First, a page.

Let Residents Tell Your Story

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By Dan Tracy

Renting apartments and keeping them filled can be easy, as long as you are willing to work really hard and do stuff nobody else in your area is trying — at least that’s the advice of a trio of marketing experts who spoke at the 2017 FAA Annual Conference & Trade Show at Disney’s Contemporary Resort in October.

“It’s all about the execution,” said Kate Good, who has been in the apartment business for 30 years and is a principal with Hunington, which owns a $60 million, 274-unit community in Houston.

Good, who got her start renting apartments in a Fort Lauderdale community, is a big proponent of using the internet to get the word out about your property. Post lots of photos and positive video testimonials from residents on your website, she said.

“Customers can say things we can’t,” she said. “They’re saying it; they’re putting it out there.”

Potential residents, authorities like Good say, value the word of people like themselves rather than those spoken by actors or paid celebrities. The tactic also is much easier on the bottom line.

Videos are becoming increasingly popular online as people gravitate away from the written word, she said. “Make it look great,” Good said. “Now is the time to start if you haven’t done it.”

Offering similar advice was Genna Gold, manager of local business outreach for the Yelp online rating service in New York City, and Curtis Cardoza, regional marketing director for Pinnacle, which owns 42,000 apartments in the Southeast United States, including 25,000 in Florida.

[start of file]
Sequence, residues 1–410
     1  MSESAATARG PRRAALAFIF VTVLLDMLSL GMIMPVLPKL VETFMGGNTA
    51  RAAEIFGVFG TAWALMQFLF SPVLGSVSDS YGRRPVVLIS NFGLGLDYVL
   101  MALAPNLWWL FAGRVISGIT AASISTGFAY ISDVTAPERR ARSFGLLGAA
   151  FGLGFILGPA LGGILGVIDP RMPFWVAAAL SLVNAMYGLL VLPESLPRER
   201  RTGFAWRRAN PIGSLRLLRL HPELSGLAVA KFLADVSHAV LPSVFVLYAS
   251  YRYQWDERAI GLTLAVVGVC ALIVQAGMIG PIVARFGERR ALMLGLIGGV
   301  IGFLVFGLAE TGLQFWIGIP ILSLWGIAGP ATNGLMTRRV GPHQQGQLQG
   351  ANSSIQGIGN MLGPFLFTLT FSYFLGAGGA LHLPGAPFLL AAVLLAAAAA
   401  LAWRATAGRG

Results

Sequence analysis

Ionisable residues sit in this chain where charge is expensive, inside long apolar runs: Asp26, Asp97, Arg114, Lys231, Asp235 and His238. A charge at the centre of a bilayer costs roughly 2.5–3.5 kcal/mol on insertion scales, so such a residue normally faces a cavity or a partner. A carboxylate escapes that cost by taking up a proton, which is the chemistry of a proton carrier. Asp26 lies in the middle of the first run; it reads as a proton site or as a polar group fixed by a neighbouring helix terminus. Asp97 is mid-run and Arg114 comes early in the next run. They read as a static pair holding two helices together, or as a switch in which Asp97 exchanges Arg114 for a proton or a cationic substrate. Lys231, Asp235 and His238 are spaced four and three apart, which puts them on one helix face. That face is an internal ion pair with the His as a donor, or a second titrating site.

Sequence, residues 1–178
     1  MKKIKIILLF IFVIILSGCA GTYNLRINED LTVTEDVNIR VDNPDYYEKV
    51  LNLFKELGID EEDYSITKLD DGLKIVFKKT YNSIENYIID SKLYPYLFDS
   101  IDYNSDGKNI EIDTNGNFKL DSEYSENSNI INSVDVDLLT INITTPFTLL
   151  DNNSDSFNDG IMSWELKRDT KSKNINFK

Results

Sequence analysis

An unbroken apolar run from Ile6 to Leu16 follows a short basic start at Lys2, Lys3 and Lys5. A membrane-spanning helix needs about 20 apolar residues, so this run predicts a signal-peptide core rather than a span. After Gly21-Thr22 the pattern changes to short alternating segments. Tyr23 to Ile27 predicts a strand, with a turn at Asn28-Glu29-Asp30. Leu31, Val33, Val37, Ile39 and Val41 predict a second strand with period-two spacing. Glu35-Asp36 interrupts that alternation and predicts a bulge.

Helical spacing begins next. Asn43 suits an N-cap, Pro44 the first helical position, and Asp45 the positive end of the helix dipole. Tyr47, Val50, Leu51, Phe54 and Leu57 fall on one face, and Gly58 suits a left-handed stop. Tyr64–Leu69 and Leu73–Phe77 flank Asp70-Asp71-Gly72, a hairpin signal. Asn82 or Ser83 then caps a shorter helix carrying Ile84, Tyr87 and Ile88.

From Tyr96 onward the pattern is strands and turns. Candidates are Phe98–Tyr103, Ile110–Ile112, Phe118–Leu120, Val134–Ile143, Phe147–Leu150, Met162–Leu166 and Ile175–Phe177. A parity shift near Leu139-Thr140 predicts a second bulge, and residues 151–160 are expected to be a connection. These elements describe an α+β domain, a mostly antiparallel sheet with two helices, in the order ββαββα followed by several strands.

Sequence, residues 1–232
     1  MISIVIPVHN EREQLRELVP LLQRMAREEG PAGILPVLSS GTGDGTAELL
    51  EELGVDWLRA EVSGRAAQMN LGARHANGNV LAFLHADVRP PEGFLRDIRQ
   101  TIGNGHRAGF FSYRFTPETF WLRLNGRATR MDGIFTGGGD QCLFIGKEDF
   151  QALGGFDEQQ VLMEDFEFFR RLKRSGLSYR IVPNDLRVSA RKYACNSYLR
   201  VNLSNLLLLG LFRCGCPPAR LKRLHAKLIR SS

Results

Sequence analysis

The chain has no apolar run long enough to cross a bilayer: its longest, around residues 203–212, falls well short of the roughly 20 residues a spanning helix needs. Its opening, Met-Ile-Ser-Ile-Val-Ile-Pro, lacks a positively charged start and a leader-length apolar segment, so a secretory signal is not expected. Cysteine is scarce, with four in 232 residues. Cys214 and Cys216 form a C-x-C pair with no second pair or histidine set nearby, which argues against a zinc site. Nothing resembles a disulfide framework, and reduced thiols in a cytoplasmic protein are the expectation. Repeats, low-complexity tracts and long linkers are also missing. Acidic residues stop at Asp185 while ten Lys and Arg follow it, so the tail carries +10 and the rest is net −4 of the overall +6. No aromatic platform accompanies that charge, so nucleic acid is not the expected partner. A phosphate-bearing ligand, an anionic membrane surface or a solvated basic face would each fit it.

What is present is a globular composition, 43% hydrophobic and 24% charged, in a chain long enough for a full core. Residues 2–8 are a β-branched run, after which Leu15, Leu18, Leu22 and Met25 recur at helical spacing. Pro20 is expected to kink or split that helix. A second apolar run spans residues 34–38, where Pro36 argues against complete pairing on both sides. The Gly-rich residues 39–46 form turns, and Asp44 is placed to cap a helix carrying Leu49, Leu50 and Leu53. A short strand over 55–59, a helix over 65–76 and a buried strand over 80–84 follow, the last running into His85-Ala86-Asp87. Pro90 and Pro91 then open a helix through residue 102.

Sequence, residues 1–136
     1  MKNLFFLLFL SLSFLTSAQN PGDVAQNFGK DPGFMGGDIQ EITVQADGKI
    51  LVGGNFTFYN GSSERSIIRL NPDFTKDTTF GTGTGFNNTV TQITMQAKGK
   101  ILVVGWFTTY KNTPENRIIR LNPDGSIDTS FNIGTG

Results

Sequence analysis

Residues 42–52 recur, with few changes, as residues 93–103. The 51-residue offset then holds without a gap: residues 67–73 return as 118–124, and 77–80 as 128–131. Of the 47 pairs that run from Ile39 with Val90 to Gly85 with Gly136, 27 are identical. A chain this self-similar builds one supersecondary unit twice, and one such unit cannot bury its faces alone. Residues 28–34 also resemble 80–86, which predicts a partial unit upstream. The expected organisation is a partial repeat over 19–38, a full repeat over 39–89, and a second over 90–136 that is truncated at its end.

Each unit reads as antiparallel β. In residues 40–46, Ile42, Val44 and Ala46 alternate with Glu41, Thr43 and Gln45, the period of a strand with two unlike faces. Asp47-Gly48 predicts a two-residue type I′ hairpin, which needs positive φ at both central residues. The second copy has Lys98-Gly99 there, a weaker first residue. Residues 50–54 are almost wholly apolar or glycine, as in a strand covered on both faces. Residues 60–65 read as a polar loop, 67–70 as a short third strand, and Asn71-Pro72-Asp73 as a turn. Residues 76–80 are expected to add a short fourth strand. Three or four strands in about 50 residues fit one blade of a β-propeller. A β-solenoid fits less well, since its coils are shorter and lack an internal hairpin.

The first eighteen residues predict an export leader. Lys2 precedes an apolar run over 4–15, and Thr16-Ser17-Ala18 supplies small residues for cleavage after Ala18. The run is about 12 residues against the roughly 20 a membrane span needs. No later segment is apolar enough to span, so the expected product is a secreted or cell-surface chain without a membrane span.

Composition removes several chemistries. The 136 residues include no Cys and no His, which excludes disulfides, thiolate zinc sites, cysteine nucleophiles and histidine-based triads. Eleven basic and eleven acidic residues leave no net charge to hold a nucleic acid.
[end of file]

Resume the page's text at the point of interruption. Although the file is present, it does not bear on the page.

Internet Evens the Playing Field

The internet, Gold said, has become the great equalizer, allowing small operations and apartment communities to battle big conglomerates with numerous units. Before people starting going to Yelp and other sites to offer their own, unvarnished reviews of products, services, and places, she said, a massive company such as McDonald’s could use its immense marketing budget to overwhelm the competition.

But now, boutique or gourmet hamburger restaurants can gain equal footing, at least locally, with the right online presence and campaign, Gold said. The same, she said, goes for apartments.

“Do you remember what life was like before review websites or, even cell phones?” she asked.

Cardoza said Pinnacle has a program that alerts staffers whenever one of its units or holdings is mentioned online. That, he said, triggers a four-step process: Alert, draft a response, get approval from higher-ups, and publish.

Whether the write-up is good or bad, Cardoza said, the company being reviewed needs to take ownership of the comment and respond, preferably in a positive, honest way. An apology, if warranted, should be included, he said.

He also recommended having review cards available at your on-site office to encourage residents to write about what is right or wrong with the property. The idea, he said, is to use the information to get better and improve service and the community.

Like Good, Cardoza advocates online testimonials from residents and photos of smiling staffers and the community, both inside apartments and on the grounds. Done correctly, that type of real-life promotion can result in a dozen new leads per month from potential residents viewing the website, he said.

But Gold warned that resident comments must be sincere and real and not the result of excessive prodding or fake accounts. Never, she said, pressure anyone to remove a negative comment. Such actions can cause even more bad blood, tarnishing or ruining a company’s reputation, leading to reduced occupancy rates.

And personal and professional online reputations, Cardoza said, soon could be more important than a credit score.

 

See It Coming